Best Electronic Cymbals
Ultimate Buying Guide
The world of electronic drumming has become a lot more inclusive over recent years. Where high-quality electronic kits were once unaffordable, they’re now made for every section and budget in the market.
One great aspect of electronic drums is that you have the option to replace drum and cymbal pads. You can buy a kit and then upgrade the pads somewhere down the road. We’ve put together a list of the best electronic cymbals to consider when you’re looking to upgrade.
These are Our top Picks Summarised For:
23rd January 2021
- Realistic Hi-hat Feel
- Dual-trigger Action
- V-Session cymbals
- Simulate the give of playing "real" cymbals
- 14" Dual-zone Cymbal Pad
- Great "hammered" look
- A Dynamic 14" V-Cymbal!
- Compatible with Roland modules
- Expressive 13" 3-zone Cymbal Pad
- Separate sensors
- 18" dual-zone cymbal pad with choke
- Extremely quiet playing surface
What Makes a Great Electronic Cymbal Pad?
A good electronic cymbal needs to feel comfortable when you hit it with a stick. Some cheaper kits don’t have high-quality pads, making it feel unnatural to hit the cymbals. An authentic feel is important in this case.
Another quality that makes it great would be the size. It should be a suitable size for what you’re using it for. Ride cymbals are bigger than crash cymbals etc. If you’re just using it to trigger electronic sounds, size won’t be as important.
Table of Contents
The 5 Best Electronic Cymbals
Best Electronic Hi Hat Cymbals
Everyone will agree when we say that hi-hat pads are generally the most underwhelming part of any electronic kit. They’re usually just one pad in cheaper kits and don’t feel like acoustic hi-hats. The Roland VH-11 is a solution to this issue. It’s 2 pads that attach to a proper hi-hat stand, giving you an authentic feel.
The pad at the bottom gets locked into place while the pad at the top moves up and down. The VH-11 has incredible response, reacting suitably to subtle dynamics as well as aggressive playing. Its 12 inch size is perfect for an electronic hi-hat and the dual-trigger action will leave you smiling while playing.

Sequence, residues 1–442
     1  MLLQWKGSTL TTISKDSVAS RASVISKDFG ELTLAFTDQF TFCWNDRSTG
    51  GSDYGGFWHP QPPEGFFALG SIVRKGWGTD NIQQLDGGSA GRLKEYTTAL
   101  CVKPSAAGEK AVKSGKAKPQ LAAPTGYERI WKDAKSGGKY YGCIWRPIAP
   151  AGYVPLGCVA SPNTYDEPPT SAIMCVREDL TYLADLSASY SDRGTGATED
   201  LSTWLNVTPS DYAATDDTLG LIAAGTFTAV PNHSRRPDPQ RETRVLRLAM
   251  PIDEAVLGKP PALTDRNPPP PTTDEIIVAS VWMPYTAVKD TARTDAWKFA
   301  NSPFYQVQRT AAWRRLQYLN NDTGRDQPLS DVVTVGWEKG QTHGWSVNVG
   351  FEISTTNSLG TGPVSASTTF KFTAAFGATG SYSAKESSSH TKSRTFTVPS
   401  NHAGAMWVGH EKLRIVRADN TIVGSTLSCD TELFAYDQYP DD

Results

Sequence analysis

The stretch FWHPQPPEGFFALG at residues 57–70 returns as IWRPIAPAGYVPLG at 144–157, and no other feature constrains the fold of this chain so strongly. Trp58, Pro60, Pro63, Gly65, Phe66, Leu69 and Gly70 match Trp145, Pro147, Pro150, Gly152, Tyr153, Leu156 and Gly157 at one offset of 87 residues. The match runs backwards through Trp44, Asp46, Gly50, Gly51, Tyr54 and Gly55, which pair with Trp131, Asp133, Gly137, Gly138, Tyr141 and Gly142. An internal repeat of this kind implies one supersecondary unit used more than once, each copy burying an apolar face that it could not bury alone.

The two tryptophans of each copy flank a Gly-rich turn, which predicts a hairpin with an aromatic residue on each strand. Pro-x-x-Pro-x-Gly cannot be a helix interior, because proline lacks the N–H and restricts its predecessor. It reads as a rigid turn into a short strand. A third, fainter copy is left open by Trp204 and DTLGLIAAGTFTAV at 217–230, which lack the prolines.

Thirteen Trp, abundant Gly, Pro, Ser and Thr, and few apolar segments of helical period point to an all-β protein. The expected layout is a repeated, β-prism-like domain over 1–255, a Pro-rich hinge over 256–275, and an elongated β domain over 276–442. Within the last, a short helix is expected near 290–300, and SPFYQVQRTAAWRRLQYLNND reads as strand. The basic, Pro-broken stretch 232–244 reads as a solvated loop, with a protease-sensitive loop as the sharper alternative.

The one downside is that you need to buy a hi-hat stand separately to support this pad. However, you can then use that same stand for acoustic drums if you ever need to, meaning it’s a good investment.
Overall, the VH-11 is a great choice if you feel your hi-hat pad is lacking on your electronic drum kit.
Best Electronic Ride Cymbal
The biggest cymbal on any drum set is most often the ride cymbal. It produces the largest sound and drummers get accustomed to the feel of a bigger cymbal. So, it’s a good idea to replace your current electronic ride pad with a bigger one to imitate the feel of an acoustic setup.
The Roland CY-15R is a 15 inch pad that will make the world of difference in your electronic setup. The larger size will make you feel at home. This pad is made from firm rubber that is highly durable. It’s also a bit quieter than standard cymbal pads, meaning you won’t be bothering your neighbors when playing hectic swing patterns.
The setup process for this pad is very easy. You just need to plug it in and it’ll work perfectly. Next to the hi-hat, this will be one of the most important upgrades you can make for your electronic drum kit.
Best Electronic Crash Cymbal
Alesis products tend to be a bit more affordable than Yamaha. That would probably make you think the quality is lower. Although that’s correct in most cases, it isn’t with this Alesis Strike 14” pad. The Strike is their flagship electronic drum kit, which tells you this pad is coming right from the top of their range.
It’s a 14” dual-zone cymbal pad with a large bell and choke support. This gives you everything you need from a cymbal. It has a bouncy response to sticks, making it a good option for a ride cymbal. The large bell also enables intricate patterns to be played. This is great for metal or latin styles.
The hammered look is fairly unique since most cymbal pads just have a plain rubber surface. The choke feature gives you loads of options when playing.